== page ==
Adam Dodek, “Solicitor-Client Privilege in Canada: Challenges for the 21st Century” for the Canadian Bar Association, February, 2011
This is a clear and cogent piece on solicitor-client privilege, and wonderful material for senior lawyers looking for interesting ways to meet their three hours of professionalism content in their continuing professional development (CPD). I would suggest discussing this within a study group. For information on how to apply to have your study group accredited by the law society for professionalism content, click HERE.
Adam has developed a 90 minute session drawing from the article that may be accredited for mandatory Professionalism hours. Contact him directly at the University of Ottawa if you are interested in having him come to your firm to facilitate a workshop (Professor Adam Dodek (Adam.Dodek@uottawa.ca)
From the Executive Summary of the paper:
The context for this Discussion Paper is the need to take stock of the state of Solicitor- Client Privilege in Canada in light of developments internationally and at home. There is no single court decision, government action or event that has precipitated the need for reflection but that should not be an invitation for complacency. The Supreme Court of Canada’s jurisprudence is consistent and predictable in strongly protecting Solicitor-Client Privilege (the Privilege). It generally aligns with the positions taken by the Canadian Bar Association (CBA) before the high court. However, the court’s jurisprudence does not provide an adequate framework for addressing the multitude of issues that currently exist and that are likely to arise regarding the Privilege.
Moreover, the Canadian approach to the Privilege is in many ways at odds with how the Privilege is treated in other common law jurisdictions. In an increasingly globalized legal world, the time is ripe to identify issues for the Privilege in Canada and begin to start to think about how they should be addressed. This is the raison d’être of this Discussion Paper.
Over the past three decades, Solicitor-Client Privilege has been elevated from a limited evidentiary privilege into a quasi-constitutional right. Wigmore’s classic definition of the Privilege continues to prevail: “Where legal advice of any kind is sought from a professional legal adviser, in his capacity as such, the communications relating to that purpose, made in confidence by the client, are at his instance permanently protected from disclosure by himself or by the legal adviser, except the privilege be waived.” In a series of cases between 1999 and 2002, the Supreme Court greatly strengthened the Privilege. It is now best understood as a quasi-constitutional right to communicate in confidence with one’s lawyer which can be invoked in any circumstances.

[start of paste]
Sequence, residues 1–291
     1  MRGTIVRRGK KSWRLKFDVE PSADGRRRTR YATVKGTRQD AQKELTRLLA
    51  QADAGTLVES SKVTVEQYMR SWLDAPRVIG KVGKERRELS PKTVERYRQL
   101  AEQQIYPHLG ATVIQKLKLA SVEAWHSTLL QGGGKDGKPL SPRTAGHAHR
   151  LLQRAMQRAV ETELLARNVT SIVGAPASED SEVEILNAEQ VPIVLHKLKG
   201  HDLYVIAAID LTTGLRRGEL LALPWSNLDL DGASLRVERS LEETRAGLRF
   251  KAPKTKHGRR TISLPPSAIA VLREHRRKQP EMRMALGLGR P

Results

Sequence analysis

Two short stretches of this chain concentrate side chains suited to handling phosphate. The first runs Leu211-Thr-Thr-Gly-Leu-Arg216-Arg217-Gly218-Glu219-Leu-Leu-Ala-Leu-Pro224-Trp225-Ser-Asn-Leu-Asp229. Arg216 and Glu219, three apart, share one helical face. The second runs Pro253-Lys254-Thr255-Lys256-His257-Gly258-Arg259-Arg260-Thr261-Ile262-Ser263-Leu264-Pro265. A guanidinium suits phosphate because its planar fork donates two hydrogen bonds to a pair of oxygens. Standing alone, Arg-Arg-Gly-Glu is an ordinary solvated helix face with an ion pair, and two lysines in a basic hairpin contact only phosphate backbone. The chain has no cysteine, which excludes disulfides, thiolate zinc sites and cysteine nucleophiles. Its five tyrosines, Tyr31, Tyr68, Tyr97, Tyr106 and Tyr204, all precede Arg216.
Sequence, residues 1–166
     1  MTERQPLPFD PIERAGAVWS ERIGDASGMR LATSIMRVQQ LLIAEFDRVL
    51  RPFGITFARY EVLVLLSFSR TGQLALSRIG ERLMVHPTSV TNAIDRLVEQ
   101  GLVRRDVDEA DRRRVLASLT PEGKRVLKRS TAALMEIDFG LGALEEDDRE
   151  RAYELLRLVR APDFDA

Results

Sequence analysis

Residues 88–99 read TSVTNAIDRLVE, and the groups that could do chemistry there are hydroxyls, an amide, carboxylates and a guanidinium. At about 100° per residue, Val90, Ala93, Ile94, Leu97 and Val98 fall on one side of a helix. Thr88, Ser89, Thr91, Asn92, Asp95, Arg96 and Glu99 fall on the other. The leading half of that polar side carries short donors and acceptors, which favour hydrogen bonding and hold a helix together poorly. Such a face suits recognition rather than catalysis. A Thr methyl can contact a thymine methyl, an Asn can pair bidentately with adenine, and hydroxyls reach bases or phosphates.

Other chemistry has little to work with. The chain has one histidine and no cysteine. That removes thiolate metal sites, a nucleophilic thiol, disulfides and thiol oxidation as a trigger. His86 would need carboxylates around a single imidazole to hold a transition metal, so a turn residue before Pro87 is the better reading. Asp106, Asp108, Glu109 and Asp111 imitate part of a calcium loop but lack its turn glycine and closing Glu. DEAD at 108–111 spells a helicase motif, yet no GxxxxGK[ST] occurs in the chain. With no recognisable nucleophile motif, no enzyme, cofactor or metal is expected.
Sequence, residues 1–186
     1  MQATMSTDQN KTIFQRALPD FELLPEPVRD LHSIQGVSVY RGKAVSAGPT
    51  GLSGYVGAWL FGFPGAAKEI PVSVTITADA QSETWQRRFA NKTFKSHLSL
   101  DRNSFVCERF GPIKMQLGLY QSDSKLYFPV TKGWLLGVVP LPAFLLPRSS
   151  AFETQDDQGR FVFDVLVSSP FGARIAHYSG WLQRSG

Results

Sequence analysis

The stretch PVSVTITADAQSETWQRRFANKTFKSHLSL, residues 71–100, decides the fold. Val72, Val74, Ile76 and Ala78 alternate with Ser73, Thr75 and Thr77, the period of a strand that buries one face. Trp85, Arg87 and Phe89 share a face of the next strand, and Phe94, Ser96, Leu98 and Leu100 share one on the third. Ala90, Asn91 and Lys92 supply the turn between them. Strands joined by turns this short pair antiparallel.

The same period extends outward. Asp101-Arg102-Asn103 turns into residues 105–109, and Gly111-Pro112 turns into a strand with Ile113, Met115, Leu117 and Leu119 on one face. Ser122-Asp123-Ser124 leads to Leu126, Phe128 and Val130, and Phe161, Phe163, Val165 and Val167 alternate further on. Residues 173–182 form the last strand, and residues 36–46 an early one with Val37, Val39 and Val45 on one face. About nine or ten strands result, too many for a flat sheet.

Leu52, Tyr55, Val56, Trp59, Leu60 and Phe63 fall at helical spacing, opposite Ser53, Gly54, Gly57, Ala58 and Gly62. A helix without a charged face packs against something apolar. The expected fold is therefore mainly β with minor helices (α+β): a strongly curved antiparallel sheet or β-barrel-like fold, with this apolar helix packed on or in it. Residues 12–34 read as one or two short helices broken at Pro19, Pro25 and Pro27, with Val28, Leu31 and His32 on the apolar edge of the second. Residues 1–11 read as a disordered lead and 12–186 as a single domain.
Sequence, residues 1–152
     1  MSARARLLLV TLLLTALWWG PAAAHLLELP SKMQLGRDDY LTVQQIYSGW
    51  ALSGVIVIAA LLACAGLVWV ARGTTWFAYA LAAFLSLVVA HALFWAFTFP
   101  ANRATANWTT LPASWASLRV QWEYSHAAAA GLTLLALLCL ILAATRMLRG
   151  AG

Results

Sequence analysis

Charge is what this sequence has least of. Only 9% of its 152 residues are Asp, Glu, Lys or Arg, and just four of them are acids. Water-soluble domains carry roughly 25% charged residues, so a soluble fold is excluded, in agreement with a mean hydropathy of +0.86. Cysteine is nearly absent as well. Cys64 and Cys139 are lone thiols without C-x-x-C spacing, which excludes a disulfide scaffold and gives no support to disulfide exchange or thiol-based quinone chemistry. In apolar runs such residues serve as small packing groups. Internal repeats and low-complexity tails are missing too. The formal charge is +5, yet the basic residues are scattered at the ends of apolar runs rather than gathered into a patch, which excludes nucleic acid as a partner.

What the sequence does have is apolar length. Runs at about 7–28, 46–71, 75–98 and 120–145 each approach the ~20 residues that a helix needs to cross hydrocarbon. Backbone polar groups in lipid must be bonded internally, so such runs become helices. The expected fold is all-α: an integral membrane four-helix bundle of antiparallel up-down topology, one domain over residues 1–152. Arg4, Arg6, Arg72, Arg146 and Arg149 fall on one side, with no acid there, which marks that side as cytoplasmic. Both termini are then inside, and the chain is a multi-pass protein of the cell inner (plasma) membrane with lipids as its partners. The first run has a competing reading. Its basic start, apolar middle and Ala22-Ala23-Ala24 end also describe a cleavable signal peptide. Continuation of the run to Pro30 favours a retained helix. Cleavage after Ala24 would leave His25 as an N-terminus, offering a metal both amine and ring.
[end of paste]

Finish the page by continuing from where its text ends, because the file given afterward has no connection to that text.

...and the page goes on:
The Supreme Court has only recognized two exceptions to the Privilege: public safety and innocence at stake. In practice, there exist a group of other exceptions often referred to as “Lawyers’ exceptions” or “self-defence exceptions”. These allow lawyers to reveal privileged information to defend themselves or their associates from charges of malpractice or misconduct or to collect a fee. The Supreme Court has also left open the possibility of other exceptions, e.g. for national security. By far, the area most in flux is the rule that communications in aid of a crime or fraud are not privileged. Recent cases have shown a willingness to expand the exception to include communications in furtherance of a tort or breach of contract. There are significant consequences to expanding the crime-fraud exception into these areas.
Solicitor-Client Privilege in law and in practice looks very different in other jurisdictions. In a globalized legal world, international pressures will impact on the Privilege in Canada and Canadian clients and lawyers will engage in transnational transactions or litigation where the Privilege will apply differently. Moreover, Canadian courts are likely to consider the law in other jurisdictions either because foreign law will be directly engaged or because of the need to consider persuasive authority in other common law countries to deal with new Privilege issues for which there is a dearth of Canadian authority.
For the rest of the summary and the entire paper, click HERE.